Metropolitan Transportation Authority Long Island Railroad Long Island City Freight Yard

Posted on June 12, 2015

Client: Metropolitan Transportation Authority Long Island Railroad
Project Type: Remedial Investigation and Remedial Design
Project Cost: $116,500

Project Description

D&B Project Responsibilities

The LIRR retained D&B to conduct a Remedial Investigation (RI) of an “open” petroleum spill that occurred at the LIRR Long Island City Freight Yard in Long Island City, New York. The site is a former gasoline service station, which operated under a lease agreement with the LIRR from the early 1940’s to 1984. The spill is associated with nine former 550-gallon USTs that leaked an unknown quantity of gasoline, resulting in documented soil and groundwater contamination. According to information provided by the LIRR, the USTs and 100 tons of contaminated soil were removed from the site in 1995.

It was clear to D&B that a number of factors would complicate the characterization of the spill, such as the highly industrialized nature of the neighborhood, with a gas station present directly across the street. In addition, numerous underground utilities are present both on-site and off-site which could be influencing groundwater flow and contaminant migration, including the Jackson Avenue below grade subway tunnel. Further complications include the presence of highly variable urban fill, recognized by the New York State Department of Environmental Conservation (NYSDEC) as potentially containing contaminants that could be mistakenly attributed to the open spill.lirrcomp5

To address these complications, D&B conducted a detailed review of existing data and reports, and developed a RI work plan that not only focused on delineation of the residual contamination related to the spill but also on determining groundwater flow direction and the potential effect that utilities may be having on groundwater flow and contaminant migration. The goal was to determine what contamination was related solely to the spill, and be able to separately identify contamination that may be related to urban fill or off-site sources such as the gas station. As part of the RI, D&B completed the following:

  • A geophysical survey utilizing terrain conductivity and electromagnetic methods, along with ground penetrating radar (GPR) to locate underground utilities and the limits of the previous UST excavation areas;
  • The completion of 10 soil probes and the collection of soil samples for chemical analysis utilizing the Geoprobe direct push method;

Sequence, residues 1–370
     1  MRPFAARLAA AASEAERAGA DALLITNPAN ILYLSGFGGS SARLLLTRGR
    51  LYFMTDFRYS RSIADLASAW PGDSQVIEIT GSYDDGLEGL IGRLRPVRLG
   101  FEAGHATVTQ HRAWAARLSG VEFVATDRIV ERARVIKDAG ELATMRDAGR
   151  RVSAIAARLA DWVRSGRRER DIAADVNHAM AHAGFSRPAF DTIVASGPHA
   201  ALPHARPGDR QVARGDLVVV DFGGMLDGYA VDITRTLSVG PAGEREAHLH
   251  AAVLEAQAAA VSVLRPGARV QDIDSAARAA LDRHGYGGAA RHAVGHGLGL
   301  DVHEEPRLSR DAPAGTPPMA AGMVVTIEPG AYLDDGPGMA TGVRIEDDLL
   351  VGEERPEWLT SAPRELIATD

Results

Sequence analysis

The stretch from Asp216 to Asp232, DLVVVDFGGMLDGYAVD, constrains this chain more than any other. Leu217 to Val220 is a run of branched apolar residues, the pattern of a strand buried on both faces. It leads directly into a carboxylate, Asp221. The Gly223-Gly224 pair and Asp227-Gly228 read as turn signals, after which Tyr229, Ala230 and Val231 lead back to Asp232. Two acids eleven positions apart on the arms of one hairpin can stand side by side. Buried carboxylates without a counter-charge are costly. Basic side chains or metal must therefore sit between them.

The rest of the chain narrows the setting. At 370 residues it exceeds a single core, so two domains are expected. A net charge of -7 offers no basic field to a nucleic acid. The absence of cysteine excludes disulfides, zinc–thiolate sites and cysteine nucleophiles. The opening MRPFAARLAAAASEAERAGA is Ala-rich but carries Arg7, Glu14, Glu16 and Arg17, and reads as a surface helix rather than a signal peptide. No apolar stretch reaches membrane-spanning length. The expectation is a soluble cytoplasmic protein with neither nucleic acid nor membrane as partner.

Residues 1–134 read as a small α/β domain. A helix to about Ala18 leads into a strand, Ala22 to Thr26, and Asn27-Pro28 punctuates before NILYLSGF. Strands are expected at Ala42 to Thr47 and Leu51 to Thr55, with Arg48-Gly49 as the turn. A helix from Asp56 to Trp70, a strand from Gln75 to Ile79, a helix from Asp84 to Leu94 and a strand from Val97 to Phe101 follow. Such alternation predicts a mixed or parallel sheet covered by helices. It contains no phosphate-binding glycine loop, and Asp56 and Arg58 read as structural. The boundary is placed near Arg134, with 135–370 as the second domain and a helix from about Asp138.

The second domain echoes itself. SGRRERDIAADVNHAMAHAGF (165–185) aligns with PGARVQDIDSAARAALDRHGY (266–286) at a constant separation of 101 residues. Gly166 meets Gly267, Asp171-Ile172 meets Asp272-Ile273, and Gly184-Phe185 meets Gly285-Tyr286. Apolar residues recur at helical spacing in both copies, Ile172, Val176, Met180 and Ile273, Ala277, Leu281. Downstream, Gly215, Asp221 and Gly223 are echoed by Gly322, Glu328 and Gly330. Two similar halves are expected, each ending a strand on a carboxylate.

• The installation and development of two groundwater monitoring wells utilizing the hollow stem auger drilling method; and
  • The collection of groundwater samples from all newly installed and existing monitoring wells utilizing low-flow sampling procedures.

The RI was completed in August through December 2011. Based on the results of the RI, D&B was able to determine the extent of residual contamination from the spill, finding minimal evidence of volatile organic compounds (VOCs) in soil around the former excavation areas. The contaminants that were identified were confined vertically in a zone from the water table to the top of a confining clay-rich unit starting at approximately 11 to 15 feet in depth. Several semivolatile organic compounds (SVOCs) that were consistent with historic fill and not related to the spill were also detected in soil in the same area. However, elevated concentrations of VOCs related to the open spill, including BTEX and several benzene-containing compounds, were identified within site groundwater, consistent with historical data.Figure_2_Injection_Points

In the RI Report, D&B argued that soil impacts from the spill had been largely remediated through the removal of the USTs and associated contaminated soil, and in accordance with NYSDEC’s CP-51 guidance and NYSDEC’s previous determinations regarding urban fill. We recommended investigating the feasibility of implementing groundwater remedial activities in a targeted area of the Site, as well as continuous routine groundwater sampling until closure of the “open” spill is achieved. Following submittal of the RI Report, D&B assisted LIRR with its negotiations with the NYSDEC regarding the remedial alternatives for the Site, and the NYSDEC ultimately approved D&B’s recommendation to proceed with in-situ chemical oxidation treatment and an enhanced monitoring schedule to address the remaining subsurface contamination.

In June 2013, D&B prepared a Conceptual Design for in-situ chemical oxidation treatment for the Freight Yard site, which was submitted to the NYSDEC for review. The plan calls for a two-part injection of a chemical oxidant (RegenOxTM), followed by Oxygen Release Compound (ORC Advanced) to break down the petroleum contaminants in the short term and encourage aerobic bioremediation over a longer time period. The chemicals will be introduced to the subsurface between the water table and confining clay unit using the Geoprobe direct-push technology at approximately 25 injection points covering the impacted area. Once NYSDEC gives final approval for this plan, D&B will assist LIRR in implementing the injections, with follow-up performance monitoring.

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